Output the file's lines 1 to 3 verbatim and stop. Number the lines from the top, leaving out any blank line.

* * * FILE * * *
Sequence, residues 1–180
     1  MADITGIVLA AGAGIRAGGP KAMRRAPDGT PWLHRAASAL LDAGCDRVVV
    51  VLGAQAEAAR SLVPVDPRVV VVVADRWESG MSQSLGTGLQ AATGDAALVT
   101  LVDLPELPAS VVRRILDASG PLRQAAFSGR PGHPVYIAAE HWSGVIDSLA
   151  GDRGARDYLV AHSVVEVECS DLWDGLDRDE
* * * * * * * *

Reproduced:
Sequence, residues 1–180
     1  MADITGIVLA AGAGIRAGGP KAMRRAPDGT PWLHRAASAL LDAGCDRVVV
    51  VLGAQAEAAR SLVPVDPRVV VVVADRWESG MSQSLGTGLQ AATGDAALVT